Best Practice: Don’t Tokenize

Tokenism is placing anyone, anything, anywhere, any time into a separate category or definite treatment for how it appears, instead of what it actually is. In this post I’m introducing the concept of self-tokenism, which happens when we place ourselves or part of ourselves in a separate category than others. Self-tokenism leads to social tokenism, and here I explain how.

Practice 3: Allow No More Tokenism.

It all starts with yourself. Anthropologists say that one of the defining characteristics of the human species is our penchant for worship. We, as people, like to put things on pedestals. In history, we’d put things like charms, gods, urns, and gold on pedestals. We do the same thing today, adding other treasures to the alter of our imaginations. In my own life I have put relationships, jobs, bills, and experiences on pedestals. Add to that my own ego, emotions, thoughts, and so much more, and I’ll tell you what – my pedestal is full! 

The challenge of this type of personal engagement- which is what it is- is that putting things up high like that by making them more important than all other things is tokenizing. We routinely tokenize different parts of our lives by saying that one part of life is more important than all the rest. We elevate the importance of one thing above all other things. So if I treasure my athleticism, spirituality, or family more than anything else and say that these things are more important than all others, then tokenism is the order of that moment.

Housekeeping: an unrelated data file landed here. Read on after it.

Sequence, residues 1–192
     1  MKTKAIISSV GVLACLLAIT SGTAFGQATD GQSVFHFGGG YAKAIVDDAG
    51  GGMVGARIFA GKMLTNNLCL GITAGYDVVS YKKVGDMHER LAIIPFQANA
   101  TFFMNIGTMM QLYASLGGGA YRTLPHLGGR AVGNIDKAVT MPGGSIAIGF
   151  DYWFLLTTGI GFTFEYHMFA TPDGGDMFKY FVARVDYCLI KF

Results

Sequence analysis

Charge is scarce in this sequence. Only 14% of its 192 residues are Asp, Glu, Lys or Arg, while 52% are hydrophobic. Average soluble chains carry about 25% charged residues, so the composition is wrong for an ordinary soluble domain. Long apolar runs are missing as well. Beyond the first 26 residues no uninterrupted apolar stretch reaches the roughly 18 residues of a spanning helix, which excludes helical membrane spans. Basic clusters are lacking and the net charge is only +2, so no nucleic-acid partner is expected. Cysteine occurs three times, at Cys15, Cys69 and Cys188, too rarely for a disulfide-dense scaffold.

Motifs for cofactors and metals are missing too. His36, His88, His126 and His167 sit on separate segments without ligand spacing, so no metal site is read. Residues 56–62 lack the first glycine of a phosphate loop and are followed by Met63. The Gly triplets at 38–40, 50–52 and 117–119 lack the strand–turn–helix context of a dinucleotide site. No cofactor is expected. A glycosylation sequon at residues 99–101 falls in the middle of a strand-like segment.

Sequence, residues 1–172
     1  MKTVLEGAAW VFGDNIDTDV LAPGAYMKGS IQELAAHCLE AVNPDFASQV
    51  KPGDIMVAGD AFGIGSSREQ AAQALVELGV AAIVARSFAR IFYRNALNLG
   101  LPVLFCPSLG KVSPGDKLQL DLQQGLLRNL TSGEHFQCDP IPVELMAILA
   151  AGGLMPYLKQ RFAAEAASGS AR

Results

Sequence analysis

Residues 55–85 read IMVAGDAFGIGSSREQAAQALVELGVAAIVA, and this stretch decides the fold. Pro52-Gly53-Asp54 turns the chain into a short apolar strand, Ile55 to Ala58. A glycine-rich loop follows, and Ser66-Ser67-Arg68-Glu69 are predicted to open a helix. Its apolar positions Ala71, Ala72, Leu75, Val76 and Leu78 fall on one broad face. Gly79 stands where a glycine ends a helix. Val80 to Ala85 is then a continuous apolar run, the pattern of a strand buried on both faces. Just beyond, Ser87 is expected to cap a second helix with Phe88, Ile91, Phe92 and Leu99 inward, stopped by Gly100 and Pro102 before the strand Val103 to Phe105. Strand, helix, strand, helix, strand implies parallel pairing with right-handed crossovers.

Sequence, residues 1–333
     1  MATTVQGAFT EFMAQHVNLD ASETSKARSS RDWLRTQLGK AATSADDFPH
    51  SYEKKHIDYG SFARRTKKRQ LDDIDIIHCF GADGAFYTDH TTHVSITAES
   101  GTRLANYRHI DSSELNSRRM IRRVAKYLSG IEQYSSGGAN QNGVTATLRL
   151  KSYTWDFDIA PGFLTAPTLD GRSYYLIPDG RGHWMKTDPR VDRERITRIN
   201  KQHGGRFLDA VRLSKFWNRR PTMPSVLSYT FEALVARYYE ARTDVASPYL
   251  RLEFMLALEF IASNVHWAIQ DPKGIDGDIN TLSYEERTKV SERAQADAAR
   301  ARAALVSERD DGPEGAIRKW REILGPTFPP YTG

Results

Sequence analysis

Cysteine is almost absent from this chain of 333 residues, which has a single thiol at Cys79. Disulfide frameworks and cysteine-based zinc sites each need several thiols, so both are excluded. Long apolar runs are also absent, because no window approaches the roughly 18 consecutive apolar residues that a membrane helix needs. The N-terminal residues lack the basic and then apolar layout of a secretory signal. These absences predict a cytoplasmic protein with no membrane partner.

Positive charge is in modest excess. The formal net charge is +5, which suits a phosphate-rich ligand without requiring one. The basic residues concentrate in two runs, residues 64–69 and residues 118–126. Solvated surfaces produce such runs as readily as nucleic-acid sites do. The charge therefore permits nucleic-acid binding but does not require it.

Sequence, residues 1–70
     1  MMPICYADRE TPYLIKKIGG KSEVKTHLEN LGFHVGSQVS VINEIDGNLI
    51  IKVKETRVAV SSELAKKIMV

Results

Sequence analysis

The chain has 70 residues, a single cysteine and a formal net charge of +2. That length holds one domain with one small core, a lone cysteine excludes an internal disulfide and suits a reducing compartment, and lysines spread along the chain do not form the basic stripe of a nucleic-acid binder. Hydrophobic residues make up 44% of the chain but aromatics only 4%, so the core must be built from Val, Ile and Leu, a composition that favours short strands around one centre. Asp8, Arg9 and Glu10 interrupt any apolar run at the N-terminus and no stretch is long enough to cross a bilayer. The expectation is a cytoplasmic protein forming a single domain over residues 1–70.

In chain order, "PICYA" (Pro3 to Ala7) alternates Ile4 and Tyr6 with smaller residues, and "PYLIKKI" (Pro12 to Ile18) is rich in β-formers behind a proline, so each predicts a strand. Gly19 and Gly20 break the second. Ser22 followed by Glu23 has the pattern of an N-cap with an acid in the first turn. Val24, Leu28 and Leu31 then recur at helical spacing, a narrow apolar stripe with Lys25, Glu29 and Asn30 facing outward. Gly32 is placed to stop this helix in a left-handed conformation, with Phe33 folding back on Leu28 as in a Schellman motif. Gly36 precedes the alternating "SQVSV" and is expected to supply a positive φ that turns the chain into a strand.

Engagement is largely indifferent to whether you put anything on a pedestal. Self-tokenizing can be a form of engagement because of the lasting connections you make within yourself while you’re doing it. Because of this, self-tokenism isn’t bad, per se. If your purpose is to live a life centered on yourself, then by all means place yourself above all others. If self-maintenance is important to you, or your art, or dancing, music, partying, and getting your needs are important to you, then tokenize them.

However, in my own experience, the less I tokenize things in my life the more I love my life right now, as it is. I don’t get lost in how it should be, where I could be, or what I would be doing if only… Instead, I can simply be here in this moment, engaged in what is actually happening right now, in who I actually am right now, where I’m at, who I’m with, and how things are occurring right now. My focus today is on taking things off pedestals. 

There are some ways I have learned to tell if I my self-tokenizing is problematic. They include:

  • Placing one part of my life ahead of all others at the expense of what matters most to me in that moment. That means if I’m tired, I go to sleep instead of sitting up reading a great book until all hours.
  • Repeating patterns of sacrificing my engagement in things that matter to me in order to constantly do things that don’t matter to me. If I am a painter and spend my career days as a banker, even though money and status don’t matter to me personally, then I need to consider whether I’m self-tokenizing money and “success” over personal engagement, and…
  • Rationalizing false choices in my life by thinking, “Its either part of the solution or part of the problem.” Nothing in personal engagement is this way, absolutely nothing. The only time life is dichotomous like this is when I see it that way, as black and white, up or down, in or out. The reality of personal engagement is that we can form, sustain, and end lasting connections to anything in our lives. Everything that exists within us has purpose, and whether we see it or not is irrelevant.